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Lateral view of a Female Hexagenia limbata (Ephemeridae) (Hex) Mayfly Dun from the Namekagon River in Wisconsin
Hex Mayflies
Hexagenia limbata

The famous nocturnal Hex hatch of the Midwest (and a few other lucky locations) stirs to the surface mythically large brown trout that only touch streamers for the rest of the year.

Dorsal view of a Grammotaulius betteni (Limnephilidae) (Northern Caddisfly) Caddisfly Larva from the Yakima River in Washington
This is a striking caddis larva with an interesting color pattern on the head. Here are some characteristics I was able to see under the microscope, but could not easily expose for a picture:
- The prosternal horn is present.
- The mandible is clearly toothed, not formed into a uniform scraper blade.
- The seems to be only 2 major setae on the ventral edge of the hind femur.
- Chloride epithelia seem to be absent from the dorsal side of any abdominal segments.
Based on these characteristics and the ones more easily visible from the pictures, this seems to be Grammotaulius. The key's description of the case is spot-on: "Case cylindrical, made of longitudinally arranged sedge or similar leaves," as is the description of the markings on the head, "Dorsum of head light brownish yellow with numerous discrete, small, dark spots." The spot pattern on the head is a very good match to figure 19.312 of Merritt R.W., Cummins, K.W., and Berg, M.B. (2019). The species ID is based on Grammotaulius betteni being the only species of this genus known in Washington state.
27" brown trout, my largest ever. It was the sub-dominant fish in its pool. After this, I hooked the bigger one, but I couldn't land it.
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Goose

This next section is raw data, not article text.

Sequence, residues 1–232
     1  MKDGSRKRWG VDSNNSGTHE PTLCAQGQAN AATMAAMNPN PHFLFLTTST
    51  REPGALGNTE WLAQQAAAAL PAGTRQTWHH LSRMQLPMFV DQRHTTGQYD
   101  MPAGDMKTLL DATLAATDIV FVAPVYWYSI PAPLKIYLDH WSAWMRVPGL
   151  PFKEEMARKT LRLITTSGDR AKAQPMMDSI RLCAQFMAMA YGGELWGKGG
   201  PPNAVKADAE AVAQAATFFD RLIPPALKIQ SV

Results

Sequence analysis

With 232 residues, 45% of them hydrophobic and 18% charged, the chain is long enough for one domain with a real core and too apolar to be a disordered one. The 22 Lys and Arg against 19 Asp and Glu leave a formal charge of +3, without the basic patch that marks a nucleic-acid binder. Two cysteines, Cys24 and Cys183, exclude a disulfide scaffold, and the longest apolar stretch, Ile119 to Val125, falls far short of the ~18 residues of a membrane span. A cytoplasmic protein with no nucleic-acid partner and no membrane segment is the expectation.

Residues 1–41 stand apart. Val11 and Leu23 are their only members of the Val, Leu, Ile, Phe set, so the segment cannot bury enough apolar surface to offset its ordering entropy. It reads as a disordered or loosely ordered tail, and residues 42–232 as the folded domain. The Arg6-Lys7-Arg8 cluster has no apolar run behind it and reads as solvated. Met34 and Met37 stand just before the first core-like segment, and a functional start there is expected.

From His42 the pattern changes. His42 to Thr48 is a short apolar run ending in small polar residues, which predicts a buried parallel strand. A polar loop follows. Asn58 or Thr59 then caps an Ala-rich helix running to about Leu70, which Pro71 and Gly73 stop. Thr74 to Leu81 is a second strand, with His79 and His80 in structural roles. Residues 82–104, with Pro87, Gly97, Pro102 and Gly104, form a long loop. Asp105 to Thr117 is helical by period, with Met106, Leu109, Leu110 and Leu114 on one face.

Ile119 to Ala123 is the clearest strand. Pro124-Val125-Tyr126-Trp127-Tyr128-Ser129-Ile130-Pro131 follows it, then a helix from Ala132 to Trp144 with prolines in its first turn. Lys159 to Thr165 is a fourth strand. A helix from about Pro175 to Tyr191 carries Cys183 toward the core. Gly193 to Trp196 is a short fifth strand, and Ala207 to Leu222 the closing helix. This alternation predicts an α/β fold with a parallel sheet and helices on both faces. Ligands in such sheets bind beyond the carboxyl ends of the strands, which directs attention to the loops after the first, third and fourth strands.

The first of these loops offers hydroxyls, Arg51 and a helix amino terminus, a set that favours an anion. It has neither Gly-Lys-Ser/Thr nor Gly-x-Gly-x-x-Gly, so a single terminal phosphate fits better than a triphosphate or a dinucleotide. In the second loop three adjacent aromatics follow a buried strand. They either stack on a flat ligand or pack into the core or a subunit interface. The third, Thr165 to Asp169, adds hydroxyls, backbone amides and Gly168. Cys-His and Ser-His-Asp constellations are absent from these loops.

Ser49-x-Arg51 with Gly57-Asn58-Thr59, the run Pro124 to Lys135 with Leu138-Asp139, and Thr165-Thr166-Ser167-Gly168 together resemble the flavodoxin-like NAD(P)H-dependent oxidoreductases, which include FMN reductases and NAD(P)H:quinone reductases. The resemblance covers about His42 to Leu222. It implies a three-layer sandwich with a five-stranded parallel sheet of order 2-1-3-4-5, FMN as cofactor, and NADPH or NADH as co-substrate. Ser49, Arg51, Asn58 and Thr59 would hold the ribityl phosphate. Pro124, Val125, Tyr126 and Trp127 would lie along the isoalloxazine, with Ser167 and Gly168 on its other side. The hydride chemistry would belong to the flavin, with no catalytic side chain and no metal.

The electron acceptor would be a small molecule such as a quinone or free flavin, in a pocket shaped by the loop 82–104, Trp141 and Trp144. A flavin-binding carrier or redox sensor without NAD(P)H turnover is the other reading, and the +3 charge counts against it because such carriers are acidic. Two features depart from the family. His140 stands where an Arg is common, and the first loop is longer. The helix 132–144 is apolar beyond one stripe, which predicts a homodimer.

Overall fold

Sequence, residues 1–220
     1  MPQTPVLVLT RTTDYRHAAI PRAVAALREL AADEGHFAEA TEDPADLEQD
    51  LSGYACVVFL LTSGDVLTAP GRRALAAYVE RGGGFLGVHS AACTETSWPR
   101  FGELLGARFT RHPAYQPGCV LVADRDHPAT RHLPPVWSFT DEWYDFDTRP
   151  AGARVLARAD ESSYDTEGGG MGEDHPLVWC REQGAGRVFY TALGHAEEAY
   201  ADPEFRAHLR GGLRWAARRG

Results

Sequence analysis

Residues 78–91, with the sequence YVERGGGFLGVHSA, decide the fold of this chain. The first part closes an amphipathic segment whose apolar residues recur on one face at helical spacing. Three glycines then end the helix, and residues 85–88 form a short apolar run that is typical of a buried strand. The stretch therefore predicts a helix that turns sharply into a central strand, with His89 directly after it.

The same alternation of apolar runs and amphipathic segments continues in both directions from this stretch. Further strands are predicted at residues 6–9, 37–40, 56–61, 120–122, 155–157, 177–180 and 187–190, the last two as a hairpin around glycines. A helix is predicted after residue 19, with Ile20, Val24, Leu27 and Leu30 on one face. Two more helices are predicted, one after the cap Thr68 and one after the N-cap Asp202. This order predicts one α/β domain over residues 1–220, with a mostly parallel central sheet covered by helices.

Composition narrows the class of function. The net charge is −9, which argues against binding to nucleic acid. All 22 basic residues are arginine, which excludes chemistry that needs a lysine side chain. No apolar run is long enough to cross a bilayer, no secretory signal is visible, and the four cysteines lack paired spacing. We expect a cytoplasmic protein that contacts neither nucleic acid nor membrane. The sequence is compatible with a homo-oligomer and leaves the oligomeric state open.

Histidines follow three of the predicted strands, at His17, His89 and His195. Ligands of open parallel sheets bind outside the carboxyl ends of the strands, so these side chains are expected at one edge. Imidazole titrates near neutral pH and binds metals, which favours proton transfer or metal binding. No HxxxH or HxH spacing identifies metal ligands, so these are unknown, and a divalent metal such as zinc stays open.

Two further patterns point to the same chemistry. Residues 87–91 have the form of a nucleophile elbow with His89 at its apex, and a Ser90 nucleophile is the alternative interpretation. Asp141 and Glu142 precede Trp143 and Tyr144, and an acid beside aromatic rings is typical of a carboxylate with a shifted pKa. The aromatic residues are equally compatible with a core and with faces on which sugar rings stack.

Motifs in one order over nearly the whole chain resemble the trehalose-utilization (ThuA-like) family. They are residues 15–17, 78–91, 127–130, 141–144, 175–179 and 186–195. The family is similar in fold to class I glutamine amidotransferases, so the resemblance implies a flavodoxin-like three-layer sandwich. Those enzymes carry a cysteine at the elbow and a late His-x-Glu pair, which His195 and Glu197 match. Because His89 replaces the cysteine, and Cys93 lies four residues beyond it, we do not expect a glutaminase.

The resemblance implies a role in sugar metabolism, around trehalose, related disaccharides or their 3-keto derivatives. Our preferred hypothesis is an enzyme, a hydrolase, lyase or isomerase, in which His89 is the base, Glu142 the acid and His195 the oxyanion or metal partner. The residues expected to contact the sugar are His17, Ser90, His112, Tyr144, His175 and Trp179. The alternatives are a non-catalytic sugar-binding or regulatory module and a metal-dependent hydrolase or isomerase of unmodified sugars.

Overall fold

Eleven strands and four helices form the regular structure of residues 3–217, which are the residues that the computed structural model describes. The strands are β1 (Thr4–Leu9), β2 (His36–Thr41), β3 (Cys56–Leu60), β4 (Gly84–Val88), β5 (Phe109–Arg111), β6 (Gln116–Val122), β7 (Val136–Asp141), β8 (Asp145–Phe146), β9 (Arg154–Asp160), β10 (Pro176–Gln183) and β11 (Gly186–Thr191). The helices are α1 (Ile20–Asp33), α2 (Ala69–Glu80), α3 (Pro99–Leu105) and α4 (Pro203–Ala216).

Posts: 77
Goose on Oct 17, 2006October 17th, 2006, 2:53 am EDT
Hi All! I have another caddis question. Are the colors of a caddis in its emerging pupa stage the same colors it will be as an adult when the transition is complete? I hope that makes sense.
Troutnut
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Bellevue, WA

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Troutnut on Oct 17, 2006October 17th, 2006, 4:35 am EDT
Yeah, they are. The "emerging pupa" is actually not a pupa, but something called a "pharate adult," which is a fully formed adult inside a pupal exoskeleton. That outer skin is transparent so you can pretty much see the final adult through it, minus the wings, which are still crunched up in the wingpads.
Jason Neuswanger, Ph.D.
Troutnut and salmonid ecologist
GONZO
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"Bear Swamp," PA

Posts: 1681
GONZO on Oct 17, 2006October 17th, 2006, 6:19 am EDT
Goose-

I would only add that adult caddisflies do darken after emergence. Mayflies do this as well; but, with mayflies, the lighter shade of the freshly emerged mayfly is what should be imitated during a hatch.
With caddisflies, the freshly emerged (lighter) adults are less important because most fly quickly after emerging. Imitations of adult caddisflies are most useful during egg-laying and will be darker.

You can see a good example of this darkening by comparing the freshly emerged adult to the "aged" adult on the Brachycentrus appalachia page.
Goose
Posts: 77
Goose on Oct 17, 2006October 17th, 2006, 6:43 am EDT
Thanks, Guys! The reason I asked is that since I know the adult color of the body, I can tie the pupas to match and be in the ballpark. Now, the larva is another entirely different color scheme, I suppose.
GONZO
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"Bear Swamp," PA

Posts: 1681
GONZO on Oct 17, 2006October 17th, 2006, 7:19 am EDT
Your "reverse engineering" approach should work, but I would make the pupal patterns a shade or two lighter.

Larval patterns are not applicable to caddisfly emergence or egg-laying, and are mostly "searching" patterns for non-hatch periods. Probably the most important of these are the free-living "Green Sedge" larvae of Rhyacophila spp. Jason has some good examples of these on the Rhyacophila page. Just remember that the larvae are larger than the pupae or adults.

A few Green Sedge larvae (also known as "Green Rockworms") and a few cased caddis patterns (or "Peeking Caddis") should be all you'll usually need in this regard.
Goose
Posts: 77
Goose on Oct 18, 2006October 18th, 2006, 1:04 am EDT
Gonzo: I fish a Rockworm pattern on the Juniata River most of the year and it does well. I dub it, rib, add a head and tie if off. Sometimes I get attacked by those that argue I'm fishing with a green weenie. There are green rockworms in the water and that's all I need to know! Ha! HA!